"Iraq as a political project is finished," one senior government official said -- anonymously because the coalition under Prime Minister Nuri al-Maliki remains committed in public to the U.S.-sponsored constitution that preserves Iraq's unity.
One highly placed source even spoke of busying himself on government projects, despite a sense of their futility, only as a way to fight his growing depression over his nation's future.
"The parties have moved to Plan B," the senior official said, saying Sunni, ethnic Kurdish and majority Shi'ite blocs were looking at ways to divide power and resources and to solve the conundrum of Baghdad's mixed population of seven million.
"There is serious talk of Baghdad being divided into east and west," he said. "We are extremely worried." (. . .)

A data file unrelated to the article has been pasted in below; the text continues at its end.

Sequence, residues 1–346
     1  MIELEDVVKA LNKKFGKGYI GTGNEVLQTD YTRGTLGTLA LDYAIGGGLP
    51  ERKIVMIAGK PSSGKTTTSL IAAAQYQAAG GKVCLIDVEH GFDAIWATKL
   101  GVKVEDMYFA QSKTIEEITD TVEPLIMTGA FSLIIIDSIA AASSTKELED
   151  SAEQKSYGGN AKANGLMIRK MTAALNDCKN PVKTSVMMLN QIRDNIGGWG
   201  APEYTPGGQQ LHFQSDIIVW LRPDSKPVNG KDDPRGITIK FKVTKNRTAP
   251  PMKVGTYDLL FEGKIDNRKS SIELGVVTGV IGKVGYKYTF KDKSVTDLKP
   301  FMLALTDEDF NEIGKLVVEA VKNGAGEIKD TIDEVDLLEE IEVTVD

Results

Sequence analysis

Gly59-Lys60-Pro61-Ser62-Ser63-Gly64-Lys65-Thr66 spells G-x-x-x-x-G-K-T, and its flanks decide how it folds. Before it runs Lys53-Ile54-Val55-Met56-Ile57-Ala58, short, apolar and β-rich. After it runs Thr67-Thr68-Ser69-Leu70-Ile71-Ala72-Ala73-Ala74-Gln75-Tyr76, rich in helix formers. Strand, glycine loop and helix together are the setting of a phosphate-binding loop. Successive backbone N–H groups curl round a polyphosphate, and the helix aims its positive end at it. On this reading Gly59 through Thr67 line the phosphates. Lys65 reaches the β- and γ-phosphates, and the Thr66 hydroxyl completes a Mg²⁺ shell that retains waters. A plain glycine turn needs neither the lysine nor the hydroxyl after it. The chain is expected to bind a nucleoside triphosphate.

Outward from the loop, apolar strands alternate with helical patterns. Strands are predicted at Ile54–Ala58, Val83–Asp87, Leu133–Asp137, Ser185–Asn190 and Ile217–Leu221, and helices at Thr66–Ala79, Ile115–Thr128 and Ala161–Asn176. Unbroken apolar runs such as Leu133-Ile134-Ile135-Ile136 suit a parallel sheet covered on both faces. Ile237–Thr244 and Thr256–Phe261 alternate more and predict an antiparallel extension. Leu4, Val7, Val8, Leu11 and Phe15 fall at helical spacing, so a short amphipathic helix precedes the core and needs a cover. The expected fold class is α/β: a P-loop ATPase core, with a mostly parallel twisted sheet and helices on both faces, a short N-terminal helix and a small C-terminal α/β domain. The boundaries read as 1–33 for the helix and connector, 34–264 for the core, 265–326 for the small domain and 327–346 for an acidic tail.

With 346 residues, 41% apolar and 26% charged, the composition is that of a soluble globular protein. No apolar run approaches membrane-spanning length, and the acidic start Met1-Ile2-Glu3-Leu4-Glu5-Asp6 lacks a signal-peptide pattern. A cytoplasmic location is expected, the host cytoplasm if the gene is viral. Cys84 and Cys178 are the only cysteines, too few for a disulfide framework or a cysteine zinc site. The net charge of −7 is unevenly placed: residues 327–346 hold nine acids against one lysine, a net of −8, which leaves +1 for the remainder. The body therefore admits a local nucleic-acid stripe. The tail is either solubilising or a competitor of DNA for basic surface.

Some Western diplomats in Baghdad say there is little sign the new government is capable of halting a slide to civil war.
"Maliki and some others seem to be genuinely trying to make this work," one said. "But it doesn't look like they have real support. The factions are looking out for their own interests."Plenty of bright commentators have been observing that Iraq's best hope for the future is to break up into a loose confederation of states, but the dispersion of natural resources makes that an unwelcome prospect for Sunnis. But it doesn't really matter as long as this administration refuses to face reality.